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From "Andrew Robinson" <>
Subject Re: [jira] Resolved: (TRINIDAD-663) Idea for a new component to enhance PPR
Date Thu, 25 Sep 2008 19:07:16 GMT
That would break the public API of addPartialTarget, my code does not
change that. addPartialTarget is documented in the developer guide as
the recommended way to PPR components in a table, therefore it must be


On Thu, Sep 25, 2008 at 11:27 AM, Blake Sullivan
<> wrote:
> That assumes that you want to use the presence of any non-auto-generated id
> as an indication that the id should be rendered on the client.  However,
> there are a number of cases--for example test automation, where it is nice
> to set an id in the page definition and only have the id rendered to the
> client when test automation is actually occurring.  Also, there are cases
> where an id is necessary on the component for logic that will only execute
> on the server, so we would like the renderer to have the option of not
> rendering the clientId even in cases where the id is explicitly set.
> -- Blake Sullivan
> Andrew Robinson said the following On 9/25/2008 6:19 AM PT:
> This clearly doesn't work well with partialTriggers or partialTargets, but a
> Renderer can override this to always render the id if any partial triggers
> are set (and in fact, the rich client does).  However, the Renderer knows
> nothing about other partial targets.
> The renderer doesn't need to know about partial targets. The very
> nature of a partial target means that the target has a non-generated
> ID. Therefore, the ID will always be rendered on the client. So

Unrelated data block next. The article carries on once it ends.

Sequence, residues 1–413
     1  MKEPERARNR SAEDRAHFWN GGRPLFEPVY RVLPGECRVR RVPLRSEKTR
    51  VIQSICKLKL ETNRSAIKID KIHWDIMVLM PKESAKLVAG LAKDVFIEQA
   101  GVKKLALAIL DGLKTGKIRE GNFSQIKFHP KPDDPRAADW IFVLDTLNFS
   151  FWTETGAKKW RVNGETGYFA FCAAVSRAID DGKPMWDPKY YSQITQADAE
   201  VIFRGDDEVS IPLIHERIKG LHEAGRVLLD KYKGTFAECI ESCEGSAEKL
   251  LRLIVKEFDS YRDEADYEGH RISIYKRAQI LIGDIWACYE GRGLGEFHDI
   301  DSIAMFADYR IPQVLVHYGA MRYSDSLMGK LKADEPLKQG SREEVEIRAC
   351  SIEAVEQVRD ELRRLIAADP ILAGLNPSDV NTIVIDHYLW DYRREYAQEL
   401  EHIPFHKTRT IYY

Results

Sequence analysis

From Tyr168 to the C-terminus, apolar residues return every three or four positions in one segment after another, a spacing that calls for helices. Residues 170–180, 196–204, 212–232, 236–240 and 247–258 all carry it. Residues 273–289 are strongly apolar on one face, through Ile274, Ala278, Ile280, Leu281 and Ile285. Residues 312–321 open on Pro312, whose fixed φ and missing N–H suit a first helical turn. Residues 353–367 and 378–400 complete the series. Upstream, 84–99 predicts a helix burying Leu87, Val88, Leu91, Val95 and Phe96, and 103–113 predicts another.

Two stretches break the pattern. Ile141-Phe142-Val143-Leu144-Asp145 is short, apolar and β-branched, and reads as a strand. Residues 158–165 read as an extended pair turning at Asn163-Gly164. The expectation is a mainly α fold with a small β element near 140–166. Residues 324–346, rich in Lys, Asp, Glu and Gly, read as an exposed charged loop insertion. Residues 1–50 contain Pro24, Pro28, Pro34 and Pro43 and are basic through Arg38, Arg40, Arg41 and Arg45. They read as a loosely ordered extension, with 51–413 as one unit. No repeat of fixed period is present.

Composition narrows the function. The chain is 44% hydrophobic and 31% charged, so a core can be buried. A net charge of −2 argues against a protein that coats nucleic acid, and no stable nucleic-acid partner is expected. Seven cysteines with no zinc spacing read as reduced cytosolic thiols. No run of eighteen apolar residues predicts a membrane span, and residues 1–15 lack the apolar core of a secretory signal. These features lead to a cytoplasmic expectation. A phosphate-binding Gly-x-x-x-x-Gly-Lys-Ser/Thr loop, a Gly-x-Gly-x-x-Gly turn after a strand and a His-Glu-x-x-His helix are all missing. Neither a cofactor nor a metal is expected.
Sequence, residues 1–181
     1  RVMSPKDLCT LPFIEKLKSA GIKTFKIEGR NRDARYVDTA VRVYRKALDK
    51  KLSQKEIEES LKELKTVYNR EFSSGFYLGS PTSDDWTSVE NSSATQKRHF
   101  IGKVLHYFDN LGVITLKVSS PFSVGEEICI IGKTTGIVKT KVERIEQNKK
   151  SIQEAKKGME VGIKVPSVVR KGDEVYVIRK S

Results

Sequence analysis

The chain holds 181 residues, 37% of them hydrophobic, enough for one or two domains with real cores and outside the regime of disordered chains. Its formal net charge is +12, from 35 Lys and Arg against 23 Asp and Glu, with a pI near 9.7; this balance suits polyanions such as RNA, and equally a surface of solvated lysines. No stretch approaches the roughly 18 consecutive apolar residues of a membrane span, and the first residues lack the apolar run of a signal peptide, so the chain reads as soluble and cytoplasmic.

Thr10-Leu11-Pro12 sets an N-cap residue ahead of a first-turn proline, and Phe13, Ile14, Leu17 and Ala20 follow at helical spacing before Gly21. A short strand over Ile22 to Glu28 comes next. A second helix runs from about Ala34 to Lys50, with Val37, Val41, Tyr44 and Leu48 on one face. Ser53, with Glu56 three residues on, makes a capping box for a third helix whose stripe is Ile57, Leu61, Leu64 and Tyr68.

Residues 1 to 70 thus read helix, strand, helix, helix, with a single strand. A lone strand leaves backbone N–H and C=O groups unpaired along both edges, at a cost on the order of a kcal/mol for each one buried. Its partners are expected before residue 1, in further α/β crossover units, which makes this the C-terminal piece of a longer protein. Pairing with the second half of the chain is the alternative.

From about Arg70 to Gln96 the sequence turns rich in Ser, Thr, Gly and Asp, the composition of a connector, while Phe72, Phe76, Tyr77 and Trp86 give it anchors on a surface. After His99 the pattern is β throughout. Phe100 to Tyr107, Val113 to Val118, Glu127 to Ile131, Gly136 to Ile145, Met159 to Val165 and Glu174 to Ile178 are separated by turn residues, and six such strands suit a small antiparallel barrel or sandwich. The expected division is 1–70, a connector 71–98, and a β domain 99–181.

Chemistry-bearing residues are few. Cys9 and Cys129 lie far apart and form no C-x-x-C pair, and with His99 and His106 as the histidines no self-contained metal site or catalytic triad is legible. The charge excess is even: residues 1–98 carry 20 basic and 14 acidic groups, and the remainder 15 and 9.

> therefore, this code is actually safer than the partialTriggers code
> which may have a partially updated component that does not render an
> ID.
> I have been using this code for a while now, and have never had a
> problem with it. Check out the demo and the code to see you find a
> bug, but as I mentioned, it is working.
> Example:
> <tr:inputText id="updateMe" />
> <tr:commandLink>
>   <trs:partialTrigger partialTargets="updateMe" />
> </tr:commandLink>
> As you can see, the input text is gaurunteed by "normal" Trinidad
> renderers to have an ID, since its ID is not generated. Therefore
> "updateMe" will always be there, so there should be no use cases when
> this code will fail. In order to fail, the target would have to
> purposely not render an ID to the client. Now take the normal Trinidad
> example of PPR:
> <tr:inputText partialTriggers="theButton" />
> <tr:commandLink id="theButton" />
> This code can easily fail since the inputText has a generated ID and
> therefore the renderer may not give the HTML element an id, and
> therefore PPR would fail. So as far as I can tell, the partialTargets
> is more stable and fits the Trinidad design better than
> partialTriggers. Partial targets also has the benefit of being more
> efficient as there are no listeners to register. The code only has to
> be evaluated when the event is broadcast. The partialTriggers code
> must be processed for every component every time the component
> decodes, a solution with far greater overhead.
> It seems to me like you have not fully reviewed the code. If you
> could, please review the source in the sandbox that I committed and
> the RequestContextImpl code. If you then find a bug, please file one.
> I have studied this, and have used it in applications I have written,
> as I mentioned above, and it has been very stable for me. Thanks for
> checking into it though, I would prefer to find any bugs earlier
> rather than later.
> -Andrew

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